Philippine authorities have dismissed charges against 30 foreign nationals suspected of belonging to a kidnapping gang that preyed on casino gamblers.
Last week, Philippine National Police (PNP) and Bureau of Immigration (BI) agents arrested 44 foreign nationals in a series of raids that led to the rescue of Wu Yan, a Singaporean woman who’d been abducted from the Solaire Resort and Casino and held against her will in a Manila hotel room.
On Tuesday, the Philippine Department of Justice dismissed charges against 30 of the detained foreigners – mostly Chinese nationals – citing insufficient evidence to proceed with the prosecution. Part of the DOJ’s reasoning stemmed from Wu Yan’s inability to identify any of the 30 foreigners as having participated in her abduction and detention.
A resolution approved by Acting Prosecutor General Jorge Catalan Jr. stated that “not an iota of evidence was presented to show that [the 30 foreigners] conspired with the alleged kidnappers of complainant Wu Yan.” This absence of evidence connecting the individuals with the crime “indubitably will result to the dismissal of the complaint” against them.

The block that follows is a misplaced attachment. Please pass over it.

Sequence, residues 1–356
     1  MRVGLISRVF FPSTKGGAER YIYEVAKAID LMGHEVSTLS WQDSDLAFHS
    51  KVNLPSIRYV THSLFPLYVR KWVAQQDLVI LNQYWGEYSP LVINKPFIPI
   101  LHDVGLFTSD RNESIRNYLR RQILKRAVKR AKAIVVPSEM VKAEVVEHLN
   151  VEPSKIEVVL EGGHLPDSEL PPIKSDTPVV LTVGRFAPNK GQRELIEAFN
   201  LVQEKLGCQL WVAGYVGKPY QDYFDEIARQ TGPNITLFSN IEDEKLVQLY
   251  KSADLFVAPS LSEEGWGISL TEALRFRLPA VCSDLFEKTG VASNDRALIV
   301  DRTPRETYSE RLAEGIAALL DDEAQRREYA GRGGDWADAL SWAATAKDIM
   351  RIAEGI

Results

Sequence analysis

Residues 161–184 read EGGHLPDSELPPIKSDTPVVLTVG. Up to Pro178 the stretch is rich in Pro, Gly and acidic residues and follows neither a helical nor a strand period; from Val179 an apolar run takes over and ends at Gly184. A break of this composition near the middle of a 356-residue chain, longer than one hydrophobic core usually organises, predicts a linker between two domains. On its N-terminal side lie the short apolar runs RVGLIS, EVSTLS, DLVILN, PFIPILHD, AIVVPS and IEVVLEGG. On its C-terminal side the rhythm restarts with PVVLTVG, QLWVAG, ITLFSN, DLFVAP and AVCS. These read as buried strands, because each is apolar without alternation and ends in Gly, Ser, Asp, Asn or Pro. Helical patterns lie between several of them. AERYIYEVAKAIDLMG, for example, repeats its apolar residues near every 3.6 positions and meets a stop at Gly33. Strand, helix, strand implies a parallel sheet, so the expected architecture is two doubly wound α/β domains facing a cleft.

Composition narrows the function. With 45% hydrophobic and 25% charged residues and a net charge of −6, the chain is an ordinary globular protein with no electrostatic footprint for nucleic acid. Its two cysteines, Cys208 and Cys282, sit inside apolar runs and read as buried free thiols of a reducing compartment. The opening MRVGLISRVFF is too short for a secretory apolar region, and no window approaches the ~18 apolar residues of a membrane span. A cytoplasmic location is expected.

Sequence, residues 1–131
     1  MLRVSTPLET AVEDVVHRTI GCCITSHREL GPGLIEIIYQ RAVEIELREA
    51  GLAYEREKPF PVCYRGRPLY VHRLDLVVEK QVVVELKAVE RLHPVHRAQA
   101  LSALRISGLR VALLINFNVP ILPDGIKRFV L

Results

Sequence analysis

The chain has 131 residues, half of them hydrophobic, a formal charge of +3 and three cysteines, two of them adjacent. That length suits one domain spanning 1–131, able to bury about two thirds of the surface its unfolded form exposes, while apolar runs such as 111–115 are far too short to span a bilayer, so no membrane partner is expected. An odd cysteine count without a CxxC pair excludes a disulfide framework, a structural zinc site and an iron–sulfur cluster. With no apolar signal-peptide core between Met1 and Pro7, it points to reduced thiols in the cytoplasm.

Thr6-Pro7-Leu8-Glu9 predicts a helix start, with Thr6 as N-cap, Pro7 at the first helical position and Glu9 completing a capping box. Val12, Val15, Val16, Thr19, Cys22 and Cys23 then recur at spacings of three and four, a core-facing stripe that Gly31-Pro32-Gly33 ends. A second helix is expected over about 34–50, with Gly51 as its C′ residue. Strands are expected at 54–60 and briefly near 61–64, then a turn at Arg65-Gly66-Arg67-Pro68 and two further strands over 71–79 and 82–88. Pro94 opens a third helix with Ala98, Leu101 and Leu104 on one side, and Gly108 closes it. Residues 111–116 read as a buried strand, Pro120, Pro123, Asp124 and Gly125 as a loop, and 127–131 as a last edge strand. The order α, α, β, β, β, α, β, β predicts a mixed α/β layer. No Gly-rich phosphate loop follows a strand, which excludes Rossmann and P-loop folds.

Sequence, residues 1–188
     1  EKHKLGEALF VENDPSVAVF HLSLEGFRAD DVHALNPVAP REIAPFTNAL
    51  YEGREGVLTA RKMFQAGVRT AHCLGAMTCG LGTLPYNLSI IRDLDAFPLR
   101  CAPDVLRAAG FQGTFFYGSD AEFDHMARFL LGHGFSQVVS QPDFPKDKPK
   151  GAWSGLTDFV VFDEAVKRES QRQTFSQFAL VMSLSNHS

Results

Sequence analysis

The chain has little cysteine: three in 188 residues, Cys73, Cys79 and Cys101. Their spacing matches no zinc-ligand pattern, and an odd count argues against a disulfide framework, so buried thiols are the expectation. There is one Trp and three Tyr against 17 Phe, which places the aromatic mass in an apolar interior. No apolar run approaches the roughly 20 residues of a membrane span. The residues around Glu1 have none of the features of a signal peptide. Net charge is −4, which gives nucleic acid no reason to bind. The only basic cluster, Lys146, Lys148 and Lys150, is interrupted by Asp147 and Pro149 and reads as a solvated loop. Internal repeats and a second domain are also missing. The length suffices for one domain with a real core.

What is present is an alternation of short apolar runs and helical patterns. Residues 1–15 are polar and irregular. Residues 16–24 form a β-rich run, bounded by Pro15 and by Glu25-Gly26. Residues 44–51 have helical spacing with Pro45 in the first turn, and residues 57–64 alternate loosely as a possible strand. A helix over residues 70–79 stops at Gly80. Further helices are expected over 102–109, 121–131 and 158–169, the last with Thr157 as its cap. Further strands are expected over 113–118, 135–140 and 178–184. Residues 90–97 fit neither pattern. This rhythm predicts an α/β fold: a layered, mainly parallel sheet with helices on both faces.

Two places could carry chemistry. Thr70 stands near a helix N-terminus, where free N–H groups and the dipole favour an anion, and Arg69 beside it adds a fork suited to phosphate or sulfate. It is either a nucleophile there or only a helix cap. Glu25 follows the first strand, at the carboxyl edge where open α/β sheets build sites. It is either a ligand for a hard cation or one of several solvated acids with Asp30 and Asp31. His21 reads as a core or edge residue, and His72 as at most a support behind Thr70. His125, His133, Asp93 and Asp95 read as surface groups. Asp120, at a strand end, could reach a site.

The BI had begun deportation procedures against the 44 arrested individuals for violating the conditions of their tourist visas. The 30 suspects whose charges were dismissed have been released from detention pending deportation while the other 14 suspects, including the alleged ringleader, will remain in lockup until the completion of the criminal proceedings against them.
PNP officials had characterized the gang as loan-sharks that targeted high-rolling gamblers at Manila casinos. The gang was said to be linked to at least 11 similar kidnapping cases since 2015.
Wu Yan told police she’d been on a prolonged losing streak at Solaire when she was approached by three men and a woman who lent her money. Wu Yan continued to lose money, prompting the four to suggest moving to a different casino, ostensibly to change her luck.
Instead, the gang took Wu Yan to the hotel room, where they roughed her up and made a video to send to her family demanding $180k to secure her release. But her family contacted Philippine authorities, who then staged the series of raids that led to her rescue.
Meanwhile, police are reportedly on the trail of another loan sharking gang, also run by a Chinese national, but which also includes some Filipino members.